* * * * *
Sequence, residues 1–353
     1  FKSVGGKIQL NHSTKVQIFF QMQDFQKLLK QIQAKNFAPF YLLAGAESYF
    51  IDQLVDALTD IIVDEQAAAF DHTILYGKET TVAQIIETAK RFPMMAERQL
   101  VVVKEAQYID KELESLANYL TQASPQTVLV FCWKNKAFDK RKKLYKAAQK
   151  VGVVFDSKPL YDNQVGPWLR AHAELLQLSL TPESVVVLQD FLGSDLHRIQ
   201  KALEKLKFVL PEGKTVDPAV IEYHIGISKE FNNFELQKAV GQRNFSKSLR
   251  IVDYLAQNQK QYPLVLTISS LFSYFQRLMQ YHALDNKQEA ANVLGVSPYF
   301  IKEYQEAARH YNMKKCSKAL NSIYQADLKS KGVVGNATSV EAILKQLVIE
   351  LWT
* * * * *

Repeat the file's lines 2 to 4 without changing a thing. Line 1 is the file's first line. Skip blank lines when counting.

     1  FKSVGGKIQL NHSTKVQIFF QMQDFQKLLK QIQAKNFAPF YLLAGAESYF
    51  IDQLVDALTD IIVDEQAAAF DHTILYGKET TVAQIIETAK RFPMMAERQL
   101  VVVKEAQYID KELESLANYL TQASPQTVLV FCWKNKAFDK RKKLYKAAQK